The Society for Social Work and Research

2014 Annual Conference

January 15-19, 2014 I Grand Hyatt San Antonio I San Antonio, TX

Approaches to Social Justice Activism - Segregation, Integration and the National Conference of Social Work 1937 Conference

Friday, January 17, 2014
HBG Convention Center, Bridge Hall Street Level (San Antonio, TX)
* noted as presenting author
Charles Senteio, MBA, Graduate Student Research Assistant, University of Michigan-Ann Arbor, Okemos, MI
Background and Purpose: Since its inception, the social work profession has attempted to address various social justice issues.  The National Conference of Social Work (NCSW) was a racially integrated professional organization during the Progressive Era, when few racially integrated national organizations even existed.  Nonetheless, flagrant incidents of racial discrimination occurred at the NCSW 1935 and 1936 annual conferences, despite attempts to minimize these incidents dating back to 1920.  Activism intensified after the 1936 conference; the 1937 national meeting occurred without racial incident.

Racial integration activism served as a case study for understanding how leaders approached this pervasive social issue. Eugene Kinckle Jones (National Urban League President), Jacob Fisher (Rank and File Movement Leader) and Edith Abbott (NCSW President) were integral in these efforts.  This historical comparative case study examines activism strategies and boundaries in advance of the 1937 conference.

Methods:  The historical comparative case study answers three questions: 1) How did social work activists influence significant social change during the 1930s? 2) What factors influenced their approaches? 3) How can these approaches apply to contemporary social justice issues?  We used a variety of original documents, including correspondence between Abbott, Fisher, and other NCSW leaders.  We also investigated Jones’ writings on racial integration of social workers.  We obtained primary data through investigation and correspondence with the Social Welfare History Archives, as well as historians and Jones’ biographer.  Primary data was selected, carefully reviewed, and analyzed consistent with historical methods (Williams, 2011).  This enabled understanding of how these leaders approached racial segregation, both within NCSW events and in the broader social work profession.  We also included direct quotes from meeting notes and correspondences to support key findings.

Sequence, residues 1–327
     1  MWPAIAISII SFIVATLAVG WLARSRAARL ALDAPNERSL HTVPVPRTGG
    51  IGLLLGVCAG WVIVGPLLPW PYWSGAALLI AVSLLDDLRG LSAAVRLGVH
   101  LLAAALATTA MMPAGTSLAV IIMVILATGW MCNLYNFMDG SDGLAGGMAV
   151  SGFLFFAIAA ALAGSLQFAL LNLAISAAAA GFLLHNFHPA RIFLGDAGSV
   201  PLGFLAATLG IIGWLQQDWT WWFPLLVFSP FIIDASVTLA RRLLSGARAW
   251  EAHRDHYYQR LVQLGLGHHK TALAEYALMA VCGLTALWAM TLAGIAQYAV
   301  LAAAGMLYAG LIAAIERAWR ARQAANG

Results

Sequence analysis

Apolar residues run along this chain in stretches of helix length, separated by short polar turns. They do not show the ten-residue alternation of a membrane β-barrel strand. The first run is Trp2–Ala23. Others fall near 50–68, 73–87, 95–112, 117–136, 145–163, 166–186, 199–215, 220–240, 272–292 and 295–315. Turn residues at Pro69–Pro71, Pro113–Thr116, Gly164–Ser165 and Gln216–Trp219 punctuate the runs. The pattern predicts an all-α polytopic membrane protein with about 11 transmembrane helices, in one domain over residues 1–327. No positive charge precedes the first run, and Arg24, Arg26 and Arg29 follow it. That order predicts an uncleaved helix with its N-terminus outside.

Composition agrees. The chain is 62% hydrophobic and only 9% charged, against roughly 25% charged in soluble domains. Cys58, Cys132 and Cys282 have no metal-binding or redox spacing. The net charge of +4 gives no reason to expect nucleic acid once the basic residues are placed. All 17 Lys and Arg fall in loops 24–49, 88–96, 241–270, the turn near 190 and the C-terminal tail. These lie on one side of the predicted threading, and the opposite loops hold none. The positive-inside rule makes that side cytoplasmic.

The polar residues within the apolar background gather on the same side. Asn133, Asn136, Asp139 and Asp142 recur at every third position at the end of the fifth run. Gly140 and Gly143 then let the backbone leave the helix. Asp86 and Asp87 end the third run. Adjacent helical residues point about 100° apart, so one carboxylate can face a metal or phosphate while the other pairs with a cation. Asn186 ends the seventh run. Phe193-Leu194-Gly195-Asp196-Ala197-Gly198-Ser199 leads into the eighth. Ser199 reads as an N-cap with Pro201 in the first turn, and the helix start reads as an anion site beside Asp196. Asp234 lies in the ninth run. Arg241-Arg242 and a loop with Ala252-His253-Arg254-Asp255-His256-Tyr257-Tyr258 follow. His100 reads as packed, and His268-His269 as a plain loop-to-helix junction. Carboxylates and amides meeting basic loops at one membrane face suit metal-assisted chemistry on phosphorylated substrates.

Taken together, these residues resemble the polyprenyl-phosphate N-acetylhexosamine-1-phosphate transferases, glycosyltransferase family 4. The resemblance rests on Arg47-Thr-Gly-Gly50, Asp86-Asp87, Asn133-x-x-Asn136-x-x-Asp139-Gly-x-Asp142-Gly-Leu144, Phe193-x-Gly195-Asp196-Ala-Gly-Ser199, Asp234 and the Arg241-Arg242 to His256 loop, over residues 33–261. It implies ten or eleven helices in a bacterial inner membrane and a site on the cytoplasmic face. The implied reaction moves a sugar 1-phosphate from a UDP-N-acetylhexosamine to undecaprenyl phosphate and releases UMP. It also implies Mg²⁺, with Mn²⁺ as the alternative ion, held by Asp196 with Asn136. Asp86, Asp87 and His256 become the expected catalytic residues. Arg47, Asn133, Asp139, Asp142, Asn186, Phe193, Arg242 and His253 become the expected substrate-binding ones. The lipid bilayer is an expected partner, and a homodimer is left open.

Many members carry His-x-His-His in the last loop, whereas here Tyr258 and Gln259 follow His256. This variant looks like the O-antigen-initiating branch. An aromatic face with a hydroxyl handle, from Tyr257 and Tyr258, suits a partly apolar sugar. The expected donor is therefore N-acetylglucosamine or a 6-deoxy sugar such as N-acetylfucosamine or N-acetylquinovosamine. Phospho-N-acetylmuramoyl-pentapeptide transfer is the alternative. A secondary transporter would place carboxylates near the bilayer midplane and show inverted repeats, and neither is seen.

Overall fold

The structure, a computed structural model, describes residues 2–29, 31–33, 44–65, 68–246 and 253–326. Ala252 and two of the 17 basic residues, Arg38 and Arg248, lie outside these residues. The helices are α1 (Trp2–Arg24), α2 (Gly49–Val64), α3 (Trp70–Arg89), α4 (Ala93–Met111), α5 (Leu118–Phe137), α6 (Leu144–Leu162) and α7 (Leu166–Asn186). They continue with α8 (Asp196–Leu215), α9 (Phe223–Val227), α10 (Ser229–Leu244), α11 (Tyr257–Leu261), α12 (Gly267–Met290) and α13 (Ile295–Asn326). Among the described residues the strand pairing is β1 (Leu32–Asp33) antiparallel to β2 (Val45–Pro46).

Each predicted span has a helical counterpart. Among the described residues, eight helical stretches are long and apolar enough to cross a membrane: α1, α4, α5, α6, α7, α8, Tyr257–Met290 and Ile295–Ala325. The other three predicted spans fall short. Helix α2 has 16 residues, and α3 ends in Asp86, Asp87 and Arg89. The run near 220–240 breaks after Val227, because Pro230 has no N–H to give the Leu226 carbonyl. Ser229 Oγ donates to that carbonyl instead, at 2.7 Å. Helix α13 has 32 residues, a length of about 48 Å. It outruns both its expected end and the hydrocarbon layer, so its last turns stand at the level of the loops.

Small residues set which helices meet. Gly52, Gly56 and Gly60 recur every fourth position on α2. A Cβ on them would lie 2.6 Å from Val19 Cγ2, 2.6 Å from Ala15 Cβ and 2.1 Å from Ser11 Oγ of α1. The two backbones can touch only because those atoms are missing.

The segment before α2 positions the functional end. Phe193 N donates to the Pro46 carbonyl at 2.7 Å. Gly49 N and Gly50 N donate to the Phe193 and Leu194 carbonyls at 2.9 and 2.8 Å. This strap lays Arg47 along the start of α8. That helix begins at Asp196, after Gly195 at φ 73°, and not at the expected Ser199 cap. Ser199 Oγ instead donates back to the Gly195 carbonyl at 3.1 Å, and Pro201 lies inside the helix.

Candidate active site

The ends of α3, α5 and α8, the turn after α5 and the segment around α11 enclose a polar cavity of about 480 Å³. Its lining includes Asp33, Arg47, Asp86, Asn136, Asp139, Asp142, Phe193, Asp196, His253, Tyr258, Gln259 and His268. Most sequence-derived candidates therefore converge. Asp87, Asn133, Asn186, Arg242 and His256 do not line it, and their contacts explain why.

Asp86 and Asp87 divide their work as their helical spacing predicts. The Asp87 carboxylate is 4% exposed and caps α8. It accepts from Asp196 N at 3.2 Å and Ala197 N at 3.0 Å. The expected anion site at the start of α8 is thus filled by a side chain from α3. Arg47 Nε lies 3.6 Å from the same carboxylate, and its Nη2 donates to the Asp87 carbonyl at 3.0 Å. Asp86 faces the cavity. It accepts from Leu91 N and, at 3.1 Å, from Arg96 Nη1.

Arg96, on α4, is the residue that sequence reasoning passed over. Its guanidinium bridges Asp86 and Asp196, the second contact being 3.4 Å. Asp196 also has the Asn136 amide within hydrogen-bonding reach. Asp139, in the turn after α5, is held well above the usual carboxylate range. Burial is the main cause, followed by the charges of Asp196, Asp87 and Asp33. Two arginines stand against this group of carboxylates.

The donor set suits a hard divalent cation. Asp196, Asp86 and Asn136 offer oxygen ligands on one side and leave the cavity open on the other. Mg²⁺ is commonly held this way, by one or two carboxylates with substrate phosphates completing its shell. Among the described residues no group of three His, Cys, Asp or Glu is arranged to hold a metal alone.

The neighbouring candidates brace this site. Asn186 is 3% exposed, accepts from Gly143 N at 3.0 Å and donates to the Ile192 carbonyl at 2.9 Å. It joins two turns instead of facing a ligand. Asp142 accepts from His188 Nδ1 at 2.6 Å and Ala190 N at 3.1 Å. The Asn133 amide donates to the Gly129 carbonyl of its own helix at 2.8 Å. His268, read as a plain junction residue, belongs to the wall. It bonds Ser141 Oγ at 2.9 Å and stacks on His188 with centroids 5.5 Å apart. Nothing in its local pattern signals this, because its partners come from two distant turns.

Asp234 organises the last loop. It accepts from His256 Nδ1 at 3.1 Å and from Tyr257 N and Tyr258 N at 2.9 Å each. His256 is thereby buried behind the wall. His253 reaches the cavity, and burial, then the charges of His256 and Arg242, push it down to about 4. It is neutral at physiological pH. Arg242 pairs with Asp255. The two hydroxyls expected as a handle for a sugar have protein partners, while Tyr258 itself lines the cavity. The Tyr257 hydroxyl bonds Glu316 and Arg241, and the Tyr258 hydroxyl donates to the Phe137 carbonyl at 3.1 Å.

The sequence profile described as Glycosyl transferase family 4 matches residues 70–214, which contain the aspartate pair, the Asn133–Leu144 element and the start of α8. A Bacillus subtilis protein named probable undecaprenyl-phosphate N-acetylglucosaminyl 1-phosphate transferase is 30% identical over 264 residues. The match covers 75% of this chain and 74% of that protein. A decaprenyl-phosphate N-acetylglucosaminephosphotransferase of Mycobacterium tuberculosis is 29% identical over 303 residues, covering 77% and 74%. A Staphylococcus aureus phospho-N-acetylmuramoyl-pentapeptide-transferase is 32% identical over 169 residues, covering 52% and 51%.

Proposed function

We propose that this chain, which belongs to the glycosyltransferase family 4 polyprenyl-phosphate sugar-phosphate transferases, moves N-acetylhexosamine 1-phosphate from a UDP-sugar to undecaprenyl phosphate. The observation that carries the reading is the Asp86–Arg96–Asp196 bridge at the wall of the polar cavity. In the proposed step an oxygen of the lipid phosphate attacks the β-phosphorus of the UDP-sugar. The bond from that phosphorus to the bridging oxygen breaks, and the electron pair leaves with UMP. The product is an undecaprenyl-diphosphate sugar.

Results:  The three social work leaders all shared a value, racial discrimination was wrong; however, they each approached the issue differently.  While they agreed on racial integration at NCSW events, and promoted it in the profession, they did not agree on the boundaries of social work advocacy.  Fisher was adamant that social workers should advocate against racial discrimination across social structures.  Further, he urged the NCSW use its financial leverage to insist that hotels, restaurants, and bars agree not to discriminate.  Abbott bounded advocacy to racial integration at NSCW events.  Jones advocated for racial integration within the profession, focusing on creating opportunities for educating African American social workers.  Each worked together on their shared objective—eliminating racial discrimination at NCSW events—while maintaining different positions on the boundaries of their advocacy.  These conversations also forced social workers to confront racial discrimination, both within the profession and in the larger social environment.

Conclusions and Implications: The approaches to activism practiced by individuals at the head of leading organizations focused on various social justice activities, in the context of pursuing racial integration in the 1930s.  This case study provides an enduring example for various contemporary social justice activities.  It serves as a rich example—working effectively together despite core differences—that informs contemporary social justice activism across social work research, practice and education.